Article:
3. Enhance Zinc Intake

Zinc is vital for hydrochloric acid production. Boost your intake with zinc-rich foods like oysters, beef, and spinach, or consider a Hilma-approved zinc supplement. Adequate zinc supports acid production and bolsters your overall immune function.

4. Evaluate Antacids and PPIs

While antacids and proton pump inhibitors can provide quick relief from acid reflux, their prolonged use might lower stomach acid production. Discuss with your healthcare provider the potential of reducing your use and exploring alternatives.

5. Incorporate Ginger

Ginger isn’t just for flavor. Incorporating ginger tea into your routine can naturally stimulate your stomach's acid production, easing symptoms like bloating and indigestion. It's a comforting, natural remedy that supports robust digestion.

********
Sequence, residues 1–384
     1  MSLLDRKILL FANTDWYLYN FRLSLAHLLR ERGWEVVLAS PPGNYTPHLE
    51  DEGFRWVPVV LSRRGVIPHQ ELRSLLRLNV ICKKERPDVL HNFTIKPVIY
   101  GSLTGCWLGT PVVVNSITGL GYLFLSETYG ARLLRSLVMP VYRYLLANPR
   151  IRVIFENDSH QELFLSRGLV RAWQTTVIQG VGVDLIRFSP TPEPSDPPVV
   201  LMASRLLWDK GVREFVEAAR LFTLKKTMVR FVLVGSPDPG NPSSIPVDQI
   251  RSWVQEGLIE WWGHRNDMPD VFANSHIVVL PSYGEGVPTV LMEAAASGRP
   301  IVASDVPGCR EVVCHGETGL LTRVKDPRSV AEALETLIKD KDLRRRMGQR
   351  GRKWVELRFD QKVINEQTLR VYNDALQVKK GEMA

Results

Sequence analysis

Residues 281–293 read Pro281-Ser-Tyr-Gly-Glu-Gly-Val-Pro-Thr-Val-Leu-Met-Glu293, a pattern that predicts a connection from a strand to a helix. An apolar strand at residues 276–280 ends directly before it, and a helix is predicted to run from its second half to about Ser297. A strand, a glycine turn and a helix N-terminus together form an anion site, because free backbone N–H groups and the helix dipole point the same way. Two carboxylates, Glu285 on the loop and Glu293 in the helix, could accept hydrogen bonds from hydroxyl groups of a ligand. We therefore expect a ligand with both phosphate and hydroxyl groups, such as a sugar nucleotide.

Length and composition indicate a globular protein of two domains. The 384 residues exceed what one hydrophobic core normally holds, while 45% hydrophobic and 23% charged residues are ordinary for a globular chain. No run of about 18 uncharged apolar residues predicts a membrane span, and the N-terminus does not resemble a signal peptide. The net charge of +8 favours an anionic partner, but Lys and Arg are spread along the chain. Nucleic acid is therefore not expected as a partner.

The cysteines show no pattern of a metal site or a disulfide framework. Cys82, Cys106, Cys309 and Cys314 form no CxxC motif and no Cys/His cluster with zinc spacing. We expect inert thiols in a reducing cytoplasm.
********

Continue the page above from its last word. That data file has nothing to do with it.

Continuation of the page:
6. Probiotics for a Flourishing Gut

Balanced gut flora is key to digestive health. Our Daily Pre + Probiotic + Herbs are designed to support this balance, maintaining a gut environment that supports natural stomach acid levels and overall digestive efficiency.

7. Adopt Smaller, Frequent Meals

Eating smaller, more frequent meals can help maintain a steady level of stomach acid, preventing the overload that often comes with larger meals. This approach helps keep your digestive system from becoming overwhelmed, ensuring a consistent and comfortable digestion process.

8. Fiber for Digestive Regularity

Adequate fiber intake is fundamental for maintaining digestive regularity. Our Fiber Gummy offers a delicious way to increase your daily fiber intake, supporting not just regularity but also contributing to a healthy gut microbiome.